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Art Review : Exploring the Allure of the Anomaly

October 15, 1994|SUSAN KANDEL

The allure of the ideal is matched by the allure of the misshapen: deformed lemons with ulcerated skins; tortured bits of volcanic debris in which one can see romantic landscapes; hydrocephalic children with flowerlike heads; bottled organs preserved on dust-caked shelves; and aberrant skeletons that may not be for real.

At the Getty Center for the History of Art and the Humanities, guest curator Rosamond Purcell gathers illustrations of such anomalies from books, manuscripts, catalogues and prints in the Getty collection--mixing up literary conceits, historical wonders, biological errors and sideshow phenomena with the indiscriminate zeal of one obsessed.

These illustrations are displayed along with a cabinet of curiosities on loan from Purcell's own collection; and color photographs Purcell has taken in the back rooms of anatomical museums and medical schools. Her curatorial endeavor recalls a range of contemporary work, from Zoe Leonard's recent images of wax models in natural history museums to Joel-Peter Witkin's photographs of tarted-up grotesques. Yet whereas these artists indulge our baser instincts in order to make us question our own voyeurism, Purcell stops short at indulgence.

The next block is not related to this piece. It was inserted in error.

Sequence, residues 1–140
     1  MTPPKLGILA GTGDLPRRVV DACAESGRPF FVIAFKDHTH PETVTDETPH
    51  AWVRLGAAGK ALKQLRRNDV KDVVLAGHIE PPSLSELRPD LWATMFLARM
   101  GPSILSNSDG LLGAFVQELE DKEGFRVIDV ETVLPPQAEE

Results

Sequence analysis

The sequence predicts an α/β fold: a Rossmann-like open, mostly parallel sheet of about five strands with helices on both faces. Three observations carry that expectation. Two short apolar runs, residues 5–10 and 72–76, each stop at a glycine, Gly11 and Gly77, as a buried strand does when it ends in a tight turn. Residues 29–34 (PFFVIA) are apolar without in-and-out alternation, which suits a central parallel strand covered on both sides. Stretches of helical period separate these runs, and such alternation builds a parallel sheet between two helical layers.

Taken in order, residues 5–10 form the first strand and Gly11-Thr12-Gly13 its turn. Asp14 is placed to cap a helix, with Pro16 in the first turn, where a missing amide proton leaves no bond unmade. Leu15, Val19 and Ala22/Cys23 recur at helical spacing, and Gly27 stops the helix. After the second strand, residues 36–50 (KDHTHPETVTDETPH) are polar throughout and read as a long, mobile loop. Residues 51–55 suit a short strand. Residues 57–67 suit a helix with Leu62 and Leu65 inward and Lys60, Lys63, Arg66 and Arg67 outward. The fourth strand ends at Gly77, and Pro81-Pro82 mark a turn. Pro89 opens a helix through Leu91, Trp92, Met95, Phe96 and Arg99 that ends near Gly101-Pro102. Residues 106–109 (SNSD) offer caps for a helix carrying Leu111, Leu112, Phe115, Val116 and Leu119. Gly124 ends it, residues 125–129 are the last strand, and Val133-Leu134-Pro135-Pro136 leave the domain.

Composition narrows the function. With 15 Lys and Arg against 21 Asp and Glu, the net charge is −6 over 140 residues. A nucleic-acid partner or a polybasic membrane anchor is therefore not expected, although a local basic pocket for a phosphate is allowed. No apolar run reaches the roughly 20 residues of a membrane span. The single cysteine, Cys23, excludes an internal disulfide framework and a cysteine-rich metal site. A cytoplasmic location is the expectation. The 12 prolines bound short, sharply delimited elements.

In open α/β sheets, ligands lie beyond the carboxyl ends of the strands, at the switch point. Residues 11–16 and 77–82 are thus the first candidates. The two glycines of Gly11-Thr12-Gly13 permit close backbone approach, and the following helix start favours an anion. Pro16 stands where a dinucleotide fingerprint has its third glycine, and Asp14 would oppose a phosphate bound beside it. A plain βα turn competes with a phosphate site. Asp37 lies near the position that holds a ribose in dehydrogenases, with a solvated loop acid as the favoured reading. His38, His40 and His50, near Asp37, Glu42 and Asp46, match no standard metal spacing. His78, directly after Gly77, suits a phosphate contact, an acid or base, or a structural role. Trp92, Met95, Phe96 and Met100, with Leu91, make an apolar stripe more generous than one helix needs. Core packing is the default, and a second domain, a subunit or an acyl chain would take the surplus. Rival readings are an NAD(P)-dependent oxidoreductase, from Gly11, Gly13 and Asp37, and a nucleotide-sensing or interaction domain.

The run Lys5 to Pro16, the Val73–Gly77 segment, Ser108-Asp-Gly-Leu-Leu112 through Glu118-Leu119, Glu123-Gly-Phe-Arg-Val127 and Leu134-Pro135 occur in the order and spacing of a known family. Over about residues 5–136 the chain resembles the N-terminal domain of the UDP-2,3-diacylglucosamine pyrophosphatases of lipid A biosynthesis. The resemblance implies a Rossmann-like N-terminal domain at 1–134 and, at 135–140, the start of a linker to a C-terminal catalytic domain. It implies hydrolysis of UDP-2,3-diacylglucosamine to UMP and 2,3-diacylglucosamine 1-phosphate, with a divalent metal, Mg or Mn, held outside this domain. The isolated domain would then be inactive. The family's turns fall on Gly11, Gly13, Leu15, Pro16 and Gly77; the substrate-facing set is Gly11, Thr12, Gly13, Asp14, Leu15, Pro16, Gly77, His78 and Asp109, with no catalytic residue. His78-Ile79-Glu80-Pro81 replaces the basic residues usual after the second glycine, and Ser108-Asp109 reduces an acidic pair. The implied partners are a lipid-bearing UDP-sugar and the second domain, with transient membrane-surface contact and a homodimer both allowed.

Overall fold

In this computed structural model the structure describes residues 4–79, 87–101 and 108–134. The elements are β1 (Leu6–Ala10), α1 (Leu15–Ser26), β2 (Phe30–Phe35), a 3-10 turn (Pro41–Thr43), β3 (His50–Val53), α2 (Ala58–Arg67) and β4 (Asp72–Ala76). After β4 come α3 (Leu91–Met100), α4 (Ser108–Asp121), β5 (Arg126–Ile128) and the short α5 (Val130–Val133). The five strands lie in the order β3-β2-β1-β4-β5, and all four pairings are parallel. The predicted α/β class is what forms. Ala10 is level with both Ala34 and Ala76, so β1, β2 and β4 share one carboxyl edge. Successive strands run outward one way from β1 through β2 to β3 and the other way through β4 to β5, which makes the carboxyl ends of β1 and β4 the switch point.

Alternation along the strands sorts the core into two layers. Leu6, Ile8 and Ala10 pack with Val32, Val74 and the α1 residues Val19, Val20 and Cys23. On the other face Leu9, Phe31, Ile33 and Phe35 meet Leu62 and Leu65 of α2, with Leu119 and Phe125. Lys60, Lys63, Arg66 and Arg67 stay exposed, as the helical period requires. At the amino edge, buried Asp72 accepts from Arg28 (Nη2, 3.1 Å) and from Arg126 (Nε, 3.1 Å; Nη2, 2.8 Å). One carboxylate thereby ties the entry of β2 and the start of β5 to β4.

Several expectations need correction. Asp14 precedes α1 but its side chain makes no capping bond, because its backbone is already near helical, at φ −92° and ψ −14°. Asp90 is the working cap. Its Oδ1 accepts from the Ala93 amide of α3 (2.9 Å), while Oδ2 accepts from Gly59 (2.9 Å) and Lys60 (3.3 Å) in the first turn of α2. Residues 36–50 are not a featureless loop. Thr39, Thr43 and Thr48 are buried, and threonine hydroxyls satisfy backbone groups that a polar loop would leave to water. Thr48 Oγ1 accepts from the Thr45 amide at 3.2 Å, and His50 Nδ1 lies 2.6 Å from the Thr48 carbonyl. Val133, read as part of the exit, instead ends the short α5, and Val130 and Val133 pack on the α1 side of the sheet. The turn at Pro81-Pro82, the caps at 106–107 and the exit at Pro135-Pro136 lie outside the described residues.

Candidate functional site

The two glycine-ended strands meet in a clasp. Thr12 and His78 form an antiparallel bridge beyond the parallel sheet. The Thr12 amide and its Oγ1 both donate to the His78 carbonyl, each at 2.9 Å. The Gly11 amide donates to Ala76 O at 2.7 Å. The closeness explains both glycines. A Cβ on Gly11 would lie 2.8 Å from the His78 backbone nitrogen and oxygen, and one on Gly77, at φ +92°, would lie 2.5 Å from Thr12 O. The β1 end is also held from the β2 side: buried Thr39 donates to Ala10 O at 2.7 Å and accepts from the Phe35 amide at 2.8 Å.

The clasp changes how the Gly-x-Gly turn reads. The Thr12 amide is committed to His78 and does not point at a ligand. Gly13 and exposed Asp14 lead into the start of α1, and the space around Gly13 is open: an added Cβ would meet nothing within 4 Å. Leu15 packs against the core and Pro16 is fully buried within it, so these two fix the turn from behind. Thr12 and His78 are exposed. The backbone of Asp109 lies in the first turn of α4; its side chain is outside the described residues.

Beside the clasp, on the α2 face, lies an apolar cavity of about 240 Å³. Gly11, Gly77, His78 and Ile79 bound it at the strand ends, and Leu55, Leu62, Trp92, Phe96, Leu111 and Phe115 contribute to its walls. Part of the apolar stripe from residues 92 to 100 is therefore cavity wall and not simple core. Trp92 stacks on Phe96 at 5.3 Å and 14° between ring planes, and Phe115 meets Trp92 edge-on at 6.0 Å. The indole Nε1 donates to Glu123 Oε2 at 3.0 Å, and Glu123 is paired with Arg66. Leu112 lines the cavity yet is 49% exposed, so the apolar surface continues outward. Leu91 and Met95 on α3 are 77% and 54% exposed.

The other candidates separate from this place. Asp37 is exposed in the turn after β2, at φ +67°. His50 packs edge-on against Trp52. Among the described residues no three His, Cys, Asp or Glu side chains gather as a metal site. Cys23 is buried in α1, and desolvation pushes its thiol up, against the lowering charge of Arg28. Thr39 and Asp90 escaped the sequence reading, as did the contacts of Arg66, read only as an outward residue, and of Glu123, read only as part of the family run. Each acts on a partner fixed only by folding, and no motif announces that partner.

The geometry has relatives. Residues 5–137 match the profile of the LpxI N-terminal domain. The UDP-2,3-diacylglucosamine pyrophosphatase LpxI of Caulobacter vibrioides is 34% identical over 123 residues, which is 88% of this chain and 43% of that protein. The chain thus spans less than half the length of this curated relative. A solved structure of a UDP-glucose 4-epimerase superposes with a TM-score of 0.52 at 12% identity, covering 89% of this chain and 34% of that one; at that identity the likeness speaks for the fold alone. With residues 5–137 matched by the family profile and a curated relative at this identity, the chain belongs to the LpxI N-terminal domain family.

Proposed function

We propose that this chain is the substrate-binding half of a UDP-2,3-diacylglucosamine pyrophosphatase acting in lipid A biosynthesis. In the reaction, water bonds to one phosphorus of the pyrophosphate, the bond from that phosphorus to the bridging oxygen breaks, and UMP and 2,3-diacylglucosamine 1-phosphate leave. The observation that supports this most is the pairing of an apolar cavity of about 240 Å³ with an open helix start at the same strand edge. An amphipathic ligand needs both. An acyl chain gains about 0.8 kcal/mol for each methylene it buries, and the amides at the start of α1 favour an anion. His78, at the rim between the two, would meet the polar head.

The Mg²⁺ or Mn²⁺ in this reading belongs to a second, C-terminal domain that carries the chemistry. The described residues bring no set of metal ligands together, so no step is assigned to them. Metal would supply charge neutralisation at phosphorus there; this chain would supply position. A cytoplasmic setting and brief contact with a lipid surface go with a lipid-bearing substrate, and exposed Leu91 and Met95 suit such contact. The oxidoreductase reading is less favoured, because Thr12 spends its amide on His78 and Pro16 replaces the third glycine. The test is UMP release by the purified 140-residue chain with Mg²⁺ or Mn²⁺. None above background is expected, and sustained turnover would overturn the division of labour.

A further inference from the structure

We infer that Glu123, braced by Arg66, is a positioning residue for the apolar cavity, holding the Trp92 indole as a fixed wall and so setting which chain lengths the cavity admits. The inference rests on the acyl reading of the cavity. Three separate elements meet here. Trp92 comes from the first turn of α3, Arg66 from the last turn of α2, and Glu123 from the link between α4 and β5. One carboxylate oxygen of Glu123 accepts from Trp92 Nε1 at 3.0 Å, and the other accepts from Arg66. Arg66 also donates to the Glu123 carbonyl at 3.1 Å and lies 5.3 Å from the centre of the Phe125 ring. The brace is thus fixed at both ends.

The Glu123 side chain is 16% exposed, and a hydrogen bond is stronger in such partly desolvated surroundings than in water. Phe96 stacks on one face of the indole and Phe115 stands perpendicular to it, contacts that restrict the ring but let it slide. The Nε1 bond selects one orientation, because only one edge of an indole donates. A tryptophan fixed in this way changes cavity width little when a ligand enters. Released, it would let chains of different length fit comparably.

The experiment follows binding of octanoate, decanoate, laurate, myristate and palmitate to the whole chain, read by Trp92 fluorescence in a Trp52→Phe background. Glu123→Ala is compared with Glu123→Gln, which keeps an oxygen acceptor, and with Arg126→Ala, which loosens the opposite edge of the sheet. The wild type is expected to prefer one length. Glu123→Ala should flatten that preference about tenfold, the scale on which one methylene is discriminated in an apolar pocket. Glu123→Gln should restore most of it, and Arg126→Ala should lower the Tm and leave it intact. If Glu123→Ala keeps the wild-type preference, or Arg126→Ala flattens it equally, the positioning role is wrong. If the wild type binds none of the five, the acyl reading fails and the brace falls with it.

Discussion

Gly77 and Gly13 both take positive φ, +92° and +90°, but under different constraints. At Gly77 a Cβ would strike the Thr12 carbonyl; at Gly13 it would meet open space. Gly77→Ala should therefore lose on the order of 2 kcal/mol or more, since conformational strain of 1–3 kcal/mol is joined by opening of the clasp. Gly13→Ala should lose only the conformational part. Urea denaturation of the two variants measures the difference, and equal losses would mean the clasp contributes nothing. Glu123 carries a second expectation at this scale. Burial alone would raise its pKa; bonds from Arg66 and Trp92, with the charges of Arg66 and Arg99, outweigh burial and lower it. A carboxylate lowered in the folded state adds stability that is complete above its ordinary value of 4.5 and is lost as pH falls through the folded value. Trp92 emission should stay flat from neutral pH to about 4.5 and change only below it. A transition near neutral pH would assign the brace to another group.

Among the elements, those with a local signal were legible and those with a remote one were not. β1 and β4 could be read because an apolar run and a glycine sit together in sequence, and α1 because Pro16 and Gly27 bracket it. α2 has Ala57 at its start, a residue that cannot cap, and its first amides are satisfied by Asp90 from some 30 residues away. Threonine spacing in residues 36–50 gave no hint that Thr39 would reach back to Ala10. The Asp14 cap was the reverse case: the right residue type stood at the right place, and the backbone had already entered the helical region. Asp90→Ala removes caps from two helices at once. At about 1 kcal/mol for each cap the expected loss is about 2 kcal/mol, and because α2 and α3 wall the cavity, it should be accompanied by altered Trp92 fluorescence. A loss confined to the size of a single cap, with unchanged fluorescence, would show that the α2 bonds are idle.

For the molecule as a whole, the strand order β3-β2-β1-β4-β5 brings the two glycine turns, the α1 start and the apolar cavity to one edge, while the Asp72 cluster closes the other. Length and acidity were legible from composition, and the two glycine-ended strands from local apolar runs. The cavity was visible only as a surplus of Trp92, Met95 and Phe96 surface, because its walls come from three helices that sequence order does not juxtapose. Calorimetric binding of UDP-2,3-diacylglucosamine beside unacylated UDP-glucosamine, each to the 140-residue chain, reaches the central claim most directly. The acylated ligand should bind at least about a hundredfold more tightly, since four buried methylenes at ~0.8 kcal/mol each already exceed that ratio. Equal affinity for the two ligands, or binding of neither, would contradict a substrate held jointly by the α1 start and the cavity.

On that level, the exhibition is marvelous. Filled with things like Queen Victoria's stocking, a five-headed lizard and a voluptuous bunny toy, it is quite like a Dali painting come to life--the uncanny represented with manic exactitude. Yet, on the whole, the show feels like a series of missed opportunities. Among them, the opportunity to analyze how all art objects are, by definition, anomalies, and to acknowledge the cultural specificity of "normalcy," in opposition to which these "freakish" artifacts acquire their morbid charm.

* The Getty Center for the History of Art and the Humanities, 401 Wilshire Blvd., Santa Monica, (310) 458-9811, through Dec. 17. Closed Sunday.

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